Friday, April 21, 2017 at 8:30am to 12:00pm
Myron Taylor Hall, 186
Early into the Trump administration, both the president and Congress are considering numerous ways to reform one aspect of the immigration system that receives less attention from the public and the media than it deserves: temporary foreign worker programs (TFWPs, also known as guestworker programs). In the United States, TFWPs like the H-1B and H-2A visas have been key elements in immigration reform debates on Capitol Hill, but the public discourse has mainly focused on the undocumented population. In Canada, the TFWP doubled under the Harper government and numerous scandals ensued. In 2017, TFWPs are poised to enter mainstream debates, but only a few stakeholders – including employers, unions, and a handful of academics and policy organizations – have engaged in the critical dialog that could shape the future of immigration and work in both countries.
Those involved in this debate around TFWPs are usually narrowly focused on one industry or a single visa classification, or operate within their own professional and organizational spheres. Ideas about TFWPs usually clash in policy debates in Washington or Ottawa, or in courtrooms, or get highlighted in reports from the news media and human rights NGOs. Academic research on TFWPs is rare, and there are few fora available where experts can discuss broader perspectives that go beyond one occupation or one visa – and explore deeper structural critiques such as worker displacement, violations of guestworkers’ labor and workplace rights, and the undercutting of local wage standards. The lack of coordination and information-sharing has resulted in piecemeal solutions and unintended negative consequences. The lack of a holistic solution in the United States and Canada means existing programs facially violate longstanding international human rights norms. All the while, employers financially benefit from countless avenues to game the system, and on the backs of hundreds of thousands of powerless, low-paid migrant workers.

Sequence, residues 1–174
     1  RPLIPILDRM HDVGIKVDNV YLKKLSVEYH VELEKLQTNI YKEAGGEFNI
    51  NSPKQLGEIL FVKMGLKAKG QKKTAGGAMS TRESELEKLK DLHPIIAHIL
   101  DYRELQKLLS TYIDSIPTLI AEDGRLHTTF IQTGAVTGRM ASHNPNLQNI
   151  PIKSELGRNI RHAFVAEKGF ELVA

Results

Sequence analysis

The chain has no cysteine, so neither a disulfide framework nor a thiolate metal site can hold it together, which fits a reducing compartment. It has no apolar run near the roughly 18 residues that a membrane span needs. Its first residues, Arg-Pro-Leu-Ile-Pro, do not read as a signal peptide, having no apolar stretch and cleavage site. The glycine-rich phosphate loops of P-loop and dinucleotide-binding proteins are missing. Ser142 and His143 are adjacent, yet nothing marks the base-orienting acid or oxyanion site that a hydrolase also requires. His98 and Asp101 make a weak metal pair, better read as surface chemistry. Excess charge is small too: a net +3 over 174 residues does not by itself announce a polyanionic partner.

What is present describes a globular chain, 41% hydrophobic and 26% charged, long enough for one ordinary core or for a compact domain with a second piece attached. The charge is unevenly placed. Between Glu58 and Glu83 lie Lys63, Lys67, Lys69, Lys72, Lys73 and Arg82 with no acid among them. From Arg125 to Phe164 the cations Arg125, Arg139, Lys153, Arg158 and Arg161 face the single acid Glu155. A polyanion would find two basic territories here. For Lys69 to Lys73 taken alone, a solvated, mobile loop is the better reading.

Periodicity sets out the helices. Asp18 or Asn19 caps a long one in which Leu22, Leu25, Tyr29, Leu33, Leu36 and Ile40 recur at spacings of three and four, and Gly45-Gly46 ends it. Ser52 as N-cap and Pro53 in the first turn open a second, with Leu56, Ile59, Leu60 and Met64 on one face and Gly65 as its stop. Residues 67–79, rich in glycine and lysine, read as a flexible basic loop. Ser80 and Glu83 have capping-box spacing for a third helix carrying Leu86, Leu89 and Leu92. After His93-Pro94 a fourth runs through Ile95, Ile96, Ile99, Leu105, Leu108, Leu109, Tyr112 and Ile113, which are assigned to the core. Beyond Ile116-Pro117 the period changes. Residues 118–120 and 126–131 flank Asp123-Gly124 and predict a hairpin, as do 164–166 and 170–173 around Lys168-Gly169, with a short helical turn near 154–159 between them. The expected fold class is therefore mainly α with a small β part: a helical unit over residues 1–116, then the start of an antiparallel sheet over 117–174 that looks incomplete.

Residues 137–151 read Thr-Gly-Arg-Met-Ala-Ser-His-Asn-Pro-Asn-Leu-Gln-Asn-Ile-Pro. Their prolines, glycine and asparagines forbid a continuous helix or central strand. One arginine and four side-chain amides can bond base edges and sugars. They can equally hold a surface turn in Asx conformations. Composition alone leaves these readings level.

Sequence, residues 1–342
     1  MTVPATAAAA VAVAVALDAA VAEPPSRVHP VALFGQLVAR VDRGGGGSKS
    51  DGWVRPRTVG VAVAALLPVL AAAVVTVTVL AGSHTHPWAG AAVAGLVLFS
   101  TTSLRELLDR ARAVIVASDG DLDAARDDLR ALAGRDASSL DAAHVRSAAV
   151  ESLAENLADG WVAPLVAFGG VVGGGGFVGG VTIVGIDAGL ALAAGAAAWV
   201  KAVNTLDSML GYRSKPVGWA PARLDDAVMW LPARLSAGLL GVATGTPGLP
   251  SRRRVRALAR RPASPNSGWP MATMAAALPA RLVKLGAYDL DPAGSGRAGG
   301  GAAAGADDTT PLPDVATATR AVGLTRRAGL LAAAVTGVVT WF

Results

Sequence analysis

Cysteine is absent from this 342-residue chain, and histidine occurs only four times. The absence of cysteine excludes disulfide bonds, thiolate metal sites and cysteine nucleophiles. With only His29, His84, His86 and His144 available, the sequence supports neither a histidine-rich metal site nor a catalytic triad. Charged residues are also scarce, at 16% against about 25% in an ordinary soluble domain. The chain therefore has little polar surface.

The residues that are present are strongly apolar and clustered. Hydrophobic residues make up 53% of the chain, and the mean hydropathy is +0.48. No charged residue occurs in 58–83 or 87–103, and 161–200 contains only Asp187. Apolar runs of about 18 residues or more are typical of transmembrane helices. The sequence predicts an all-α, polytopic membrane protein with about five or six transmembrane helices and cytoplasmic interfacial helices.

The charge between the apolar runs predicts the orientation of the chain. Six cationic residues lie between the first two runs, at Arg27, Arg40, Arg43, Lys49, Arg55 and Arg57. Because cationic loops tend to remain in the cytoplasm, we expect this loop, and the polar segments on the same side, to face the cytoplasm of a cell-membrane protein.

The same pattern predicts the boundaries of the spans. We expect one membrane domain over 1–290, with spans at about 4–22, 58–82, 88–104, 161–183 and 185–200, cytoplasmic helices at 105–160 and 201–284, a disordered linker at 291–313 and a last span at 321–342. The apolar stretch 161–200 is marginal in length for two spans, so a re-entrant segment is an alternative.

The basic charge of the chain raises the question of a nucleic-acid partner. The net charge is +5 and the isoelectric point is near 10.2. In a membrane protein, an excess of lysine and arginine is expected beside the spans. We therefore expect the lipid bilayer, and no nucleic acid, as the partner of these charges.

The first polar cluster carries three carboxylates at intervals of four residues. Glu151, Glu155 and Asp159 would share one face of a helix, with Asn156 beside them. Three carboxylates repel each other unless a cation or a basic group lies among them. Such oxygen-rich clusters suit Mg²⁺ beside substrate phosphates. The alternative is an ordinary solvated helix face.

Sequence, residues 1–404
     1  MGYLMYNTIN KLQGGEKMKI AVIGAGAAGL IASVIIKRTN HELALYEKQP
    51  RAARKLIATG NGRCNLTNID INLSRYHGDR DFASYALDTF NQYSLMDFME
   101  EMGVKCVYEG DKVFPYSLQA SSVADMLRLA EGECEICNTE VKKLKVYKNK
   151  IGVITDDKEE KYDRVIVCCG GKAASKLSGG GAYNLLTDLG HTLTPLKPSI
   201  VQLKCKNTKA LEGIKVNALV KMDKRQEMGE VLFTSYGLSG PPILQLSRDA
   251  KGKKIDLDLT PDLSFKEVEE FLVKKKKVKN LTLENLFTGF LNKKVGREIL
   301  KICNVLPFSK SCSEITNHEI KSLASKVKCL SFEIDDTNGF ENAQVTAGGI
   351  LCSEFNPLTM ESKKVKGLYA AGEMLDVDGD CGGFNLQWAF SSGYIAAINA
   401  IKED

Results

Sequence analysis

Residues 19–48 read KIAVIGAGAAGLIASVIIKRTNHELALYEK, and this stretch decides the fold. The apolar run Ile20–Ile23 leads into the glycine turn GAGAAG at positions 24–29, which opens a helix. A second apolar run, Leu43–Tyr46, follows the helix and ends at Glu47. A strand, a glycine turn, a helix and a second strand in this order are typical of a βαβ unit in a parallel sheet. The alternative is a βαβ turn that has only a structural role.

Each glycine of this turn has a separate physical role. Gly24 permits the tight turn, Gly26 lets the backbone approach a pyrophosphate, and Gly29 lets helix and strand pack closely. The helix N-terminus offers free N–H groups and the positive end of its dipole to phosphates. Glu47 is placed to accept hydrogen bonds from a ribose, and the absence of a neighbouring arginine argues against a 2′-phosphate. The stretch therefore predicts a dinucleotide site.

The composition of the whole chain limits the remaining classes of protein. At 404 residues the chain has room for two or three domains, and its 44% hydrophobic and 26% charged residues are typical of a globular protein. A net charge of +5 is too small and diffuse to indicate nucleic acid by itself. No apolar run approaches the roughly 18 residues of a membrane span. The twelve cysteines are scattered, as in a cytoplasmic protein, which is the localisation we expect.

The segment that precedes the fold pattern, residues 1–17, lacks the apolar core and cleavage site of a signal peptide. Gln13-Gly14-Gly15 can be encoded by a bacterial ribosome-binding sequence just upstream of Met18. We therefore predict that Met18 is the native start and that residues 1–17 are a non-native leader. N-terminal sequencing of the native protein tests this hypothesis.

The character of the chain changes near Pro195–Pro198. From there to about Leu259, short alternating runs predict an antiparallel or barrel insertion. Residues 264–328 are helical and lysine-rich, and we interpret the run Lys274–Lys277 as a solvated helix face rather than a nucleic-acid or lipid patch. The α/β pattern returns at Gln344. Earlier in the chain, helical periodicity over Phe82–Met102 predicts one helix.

In order to address this, Justice in Motion, UNITE HERE, Economic Policy Institute, and Cornell University have come together from four perspectives – an advocacy group, a union, a think tank, and an academic institution – to identify the major research gaps that cloud understanding of temporary foreign worker programs and perpetuate chaotic and fragmented discussions. We will discuss how we can move forward to fill the gaps.
Cornell Law School’s April 21 Berger Current Events Colloquium will convene a small group of academics and advocates to present a preliminary overview of temporary foreign worker programs in the United States and Canada, with a focus on key information gaps and initial proposals to address them. The purpose of this meeting will be to share insights and debate ideas for moving research agendas forward, with an emphasis on shaping channels of communication across entrenched ideologies and fields of study and practice. Participants will learn the history and current realities of these programs in the United States and Canada, and have the opportunity to interact with national and international experts in this vital but neglected part of both immigration systems.